Margaret Frempong profile image

Margaret Frempong

Margaret Frempong

15 years of experience

Margaret Frempong is a licensed psychotherapist and stress reduction coach who loves to help ambitious clients actualize their full potential by developing a healthy self-conception, and becoming who they are destined to be. Margaret's approach is affirming, collaborative and goal-oriented. Margaret received her B.S. from UMASS AMHERST, and her M.S.W from Boston College. In addition to 12+ years as a licensed psychotherapist. Margaret is the owner of MM.Therapy&Consulting LLC, and loves to help clinicians create a thriving mental health private practice.

What can clients expect to take away from sessions with you?

Looking for a therapist can feel overwhelming and intimidating. What's most important is finding someone with whom you can connect and feel comfortable. I work to build an authentic rapport with everyone who walks through my door, with honesty, humor, compassion, and a down-to-earth style. My therapeutic approach is built on the belief that with the right therapist fit, an open mind, and a commitment to self-inquiry, anyone can learn how to sustain happiness, peace of mind, and profound meaning in their life. I look forward to partnering with you on this beautiful journey of self-discovery. Healing, Clarity, and Restoration have your NAME on it!

Explain to clients what areas you feel are your biggest strengths.

Margaret is passionate about the work with her clients. She promotes safety, honesty, transparency, and tools to empower you in all areas of your life. Together, Margaret will embark on this journey with you to identify your tailor-fit strengths and solutions that will support you in creating the life you desire.

About Margaret Frempong



My treatment methods

Dialectical Behavior (DBT)

Dialectical Behavior Therapy (often shortened to DBT) is a skills-based approach to psychotherapy that includes aspects of mindfulness and cognitive behavioral therapy. DBT was originally developed for women coping with borderline personality disorder BPD, but its use has since been expanded to include treatment for a wide variety of individuals and issues. The word “dialectical” refers to this therapy’s focus on learning to balance and tolerate opposites, with the goal of releasing attachment to black-and-white thinking. The philosophical foundation of dialectics underlies DBT therapy, which strives to help individuals accept present realities while also working toward change. Dialectical Behavior Therapy (DBT) usually includes both individual talk therapy sessions and group sessions focused on developing four central skill sets. These skills training areas are: Mindfulness: How to be present in the moment and see yourself and the world around you in a non-judgmental way. Distress tolerance: How to cope with unpleasant situations and emotions in healthy ways. Interpersonal effectiveness: How to interact with other people thoughtfully and resolve conflicts effectively. Emotional regulation: How to name your emotions as they occur and manage your reactions to them.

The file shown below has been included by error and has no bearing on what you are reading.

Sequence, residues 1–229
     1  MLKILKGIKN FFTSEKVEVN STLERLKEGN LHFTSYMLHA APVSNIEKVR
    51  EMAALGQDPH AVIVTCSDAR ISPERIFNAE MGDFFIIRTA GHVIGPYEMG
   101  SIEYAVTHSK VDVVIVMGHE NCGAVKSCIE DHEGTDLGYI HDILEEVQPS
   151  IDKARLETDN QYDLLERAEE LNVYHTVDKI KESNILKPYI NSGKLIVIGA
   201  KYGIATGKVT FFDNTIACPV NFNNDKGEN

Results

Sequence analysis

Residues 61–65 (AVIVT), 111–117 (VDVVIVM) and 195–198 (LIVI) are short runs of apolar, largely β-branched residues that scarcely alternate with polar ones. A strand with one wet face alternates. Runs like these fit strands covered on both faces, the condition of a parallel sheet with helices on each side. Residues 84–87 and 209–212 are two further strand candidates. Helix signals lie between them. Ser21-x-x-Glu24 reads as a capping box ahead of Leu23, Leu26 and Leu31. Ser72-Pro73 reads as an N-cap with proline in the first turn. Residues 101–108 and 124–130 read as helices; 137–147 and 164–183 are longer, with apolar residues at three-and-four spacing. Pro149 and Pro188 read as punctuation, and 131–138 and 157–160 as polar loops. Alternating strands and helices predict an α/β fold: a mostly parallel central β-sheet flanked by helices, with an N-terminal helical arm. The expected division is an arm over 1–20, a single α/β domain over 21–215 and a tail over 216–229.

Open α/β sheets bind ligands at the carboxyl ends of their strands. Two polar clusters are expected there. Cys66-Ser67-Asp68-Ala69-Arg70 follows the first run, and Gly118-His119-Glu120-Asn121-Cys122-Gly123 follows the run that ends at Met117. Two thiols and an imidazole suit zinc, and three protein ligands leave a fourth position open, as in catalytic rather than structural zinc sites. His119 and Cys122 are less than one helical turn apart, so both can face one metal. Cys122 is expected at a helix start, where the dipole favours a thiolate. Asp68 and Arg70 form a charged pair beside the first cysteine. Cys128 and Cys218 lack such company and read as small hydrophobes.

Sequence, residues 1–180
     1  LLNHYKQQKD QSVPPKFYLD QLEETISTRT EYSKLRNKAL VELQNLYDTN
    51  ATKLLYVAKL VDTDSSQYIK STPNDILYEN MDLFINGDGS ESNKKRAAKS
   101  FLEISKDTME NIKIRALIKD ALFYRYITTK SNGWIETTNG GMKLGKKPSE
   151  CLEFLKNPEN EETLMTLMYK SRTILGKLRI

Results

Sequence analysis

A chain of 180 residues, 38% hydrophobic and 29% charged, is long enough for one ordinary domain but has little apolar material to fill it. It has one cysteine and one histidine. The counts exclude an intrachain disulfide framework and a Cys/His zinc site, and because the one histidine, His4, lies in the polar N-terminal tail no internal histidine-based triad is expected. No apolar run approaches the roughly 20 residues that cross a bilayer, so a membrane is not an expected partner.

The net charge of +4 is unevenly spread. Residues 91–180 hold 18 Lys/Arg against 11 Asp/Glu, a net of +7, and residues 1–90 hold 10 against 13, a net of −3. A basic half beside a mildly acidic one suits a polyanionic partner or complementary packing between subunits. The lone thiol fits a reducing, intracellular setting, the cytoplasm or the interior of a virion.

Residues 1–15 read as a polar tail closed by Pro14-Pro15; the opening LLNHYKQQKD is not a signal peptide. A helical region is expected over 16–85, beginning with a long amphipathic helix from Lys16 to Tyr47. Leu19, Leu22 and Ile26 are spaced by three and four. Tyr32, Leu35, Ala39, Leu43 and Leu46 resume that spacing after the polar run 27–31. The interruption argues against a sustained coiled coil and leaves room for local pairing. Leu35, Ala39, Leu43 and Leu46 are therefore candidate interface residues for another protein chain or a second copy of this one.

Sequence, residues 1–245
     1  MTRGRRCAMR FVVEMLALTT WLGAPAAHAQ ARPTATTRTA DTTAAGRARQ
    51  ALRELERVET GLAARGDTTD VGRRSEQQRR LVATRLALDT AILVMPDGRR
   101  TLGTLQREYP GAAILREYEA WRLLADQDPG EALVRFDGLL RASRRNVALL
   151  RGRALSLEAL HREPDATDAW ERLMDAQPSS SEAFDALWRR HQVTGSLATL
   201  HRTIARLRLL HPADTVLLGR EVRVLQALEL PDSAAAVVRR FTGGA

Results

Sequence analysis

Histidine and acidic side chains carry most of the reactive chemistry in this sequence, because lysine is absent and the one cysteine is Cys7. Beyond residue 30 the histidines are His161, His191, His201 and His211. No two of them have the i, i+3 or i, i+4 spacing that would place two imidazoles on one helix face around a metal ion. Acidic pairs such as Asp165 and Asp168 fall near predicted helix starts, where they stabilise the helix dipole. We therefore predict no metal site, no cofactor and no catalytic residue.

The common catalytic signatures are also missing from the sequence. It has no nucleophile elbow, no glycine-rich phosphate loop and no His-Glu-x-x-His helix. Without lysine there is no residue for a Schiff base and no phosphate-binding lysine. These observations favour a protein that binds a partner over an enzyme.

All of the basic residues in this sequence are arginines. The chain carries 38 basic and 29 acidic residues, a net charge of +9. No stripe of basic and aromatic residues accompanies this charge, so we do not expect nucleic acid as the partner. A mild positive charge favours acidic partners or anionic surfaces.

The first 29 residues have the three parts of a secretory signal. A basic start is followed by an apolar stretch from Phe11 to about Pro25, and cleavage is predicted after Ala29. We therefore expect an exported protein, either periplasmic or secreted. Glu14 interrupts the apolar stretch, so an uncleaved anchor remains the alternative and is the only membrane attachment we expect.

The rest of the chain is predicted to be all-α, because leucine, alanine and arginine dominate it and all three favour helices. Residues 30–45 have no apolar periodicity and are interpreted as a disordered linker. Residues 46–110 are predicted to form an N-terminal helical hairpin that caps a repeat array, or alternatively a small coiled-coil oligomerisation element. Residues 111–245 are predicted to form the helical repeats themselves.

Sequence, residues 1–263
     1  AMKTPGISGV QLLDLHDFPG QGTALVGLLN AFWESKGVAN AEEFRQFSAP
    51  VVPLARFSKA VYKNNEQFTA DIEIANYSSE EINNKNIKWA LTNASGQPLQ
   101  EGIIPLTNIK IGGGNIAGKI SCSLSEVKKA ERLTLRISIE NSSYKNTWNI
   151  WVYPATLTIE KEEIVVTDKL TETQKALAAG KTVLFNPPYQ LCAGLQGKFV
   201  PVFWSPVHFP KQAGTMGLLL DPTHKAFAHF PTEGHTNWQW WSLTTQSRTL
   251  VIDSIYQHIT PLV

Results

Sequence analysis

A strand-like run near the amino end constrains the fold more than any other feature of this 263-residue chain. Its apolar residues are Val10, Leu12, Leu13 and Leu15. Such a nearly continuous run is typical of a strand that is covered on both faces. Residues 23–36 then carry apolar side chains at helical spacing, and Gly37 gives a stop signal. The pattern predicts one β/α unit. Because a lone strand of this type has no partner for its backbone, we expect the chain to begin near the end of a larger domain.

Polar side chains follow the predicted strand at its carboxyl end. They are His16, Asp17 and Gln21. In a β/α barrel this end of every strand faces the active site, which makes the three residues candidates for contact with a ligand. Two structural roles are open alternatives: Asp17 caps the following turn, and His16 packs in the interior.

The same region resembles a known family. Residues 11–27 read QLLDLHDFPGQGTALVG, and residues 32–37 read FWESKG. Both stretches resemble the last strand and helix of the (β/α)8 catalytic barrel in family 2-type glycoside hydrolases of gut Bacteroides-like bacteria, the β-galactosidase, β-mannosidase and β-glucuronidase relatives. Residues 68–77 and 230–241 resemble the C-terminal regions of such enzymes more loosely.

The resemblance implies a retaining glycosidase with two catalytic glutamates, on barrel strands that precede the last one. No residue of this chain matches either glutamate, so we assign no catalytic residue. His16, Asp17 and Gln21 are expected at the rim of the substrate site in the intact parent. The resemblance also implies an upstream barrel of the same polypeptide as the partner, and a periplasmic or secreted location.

Cognitive Behavioral (CBT)

Cognitive Behavioral Therapy (CBT) is a skill-based approach to talk therapy. When you start CBT, you and your therapist will work together to identify your individual problems and concerns. You’ll also learn to integrate strategic techniques in response to these issues. CBT is based on the understanding that our emotional experiences are directly related to our thoughts, beliefs, and actions – and therefore, it is possible to change our emotional experiences by examining and altering our thoughts and behaviors. The duration of CBT treatment varies, typically ranging from six sessions to several months. You will typically meet with your therapist once a week. Over time, CBT will help you gain self-awareness of: Your unique thinking and behavioral patterns The impact your beliefs and actions have on your overall mental health How you can incorporate techniques and skills to improve your mental health

Acceptance and commitment (ACT)

Acceptance and Commitment Therapy (ACT) is form of psychotherapy geared toward helping you take positive action in your life. ACT involves elements of mindfulness practices and cognitive behavioral therapy. This kind of therapy involves learning to accept unpleasant thoughts, emotions, or experiences without viewing them as problems. Instead, the goal is to define your own personal values and identify ways you can take action that you believe in, even without changing the negative parts of your experience. Language is very important in ACT as well. It theorizes that changing the way you describe a problem can actually change your experience of it as well. ACT is usually short-term, meaning that it is designed to be used over the course of only a few sessions with a therapist.

Trauma-Focused CBT

Trauma-focused cognitive behavior therapy (TF-CBT) is a short-term type of talking therapy that involves both parent and child. TF-CBT was developed specifically to treat children and teenagers who had experienced trauma. It has a very strong base of evidence supporting its efficacy. TF-CBT aims to help young people and their and caregivers to (1): Learn about trauma Learn coping skills and strategies for regulating emotions and reducing stress To work through and process the trauma Learn how to cope with reminders of the trauma Help the young person to develop a sense of safety and security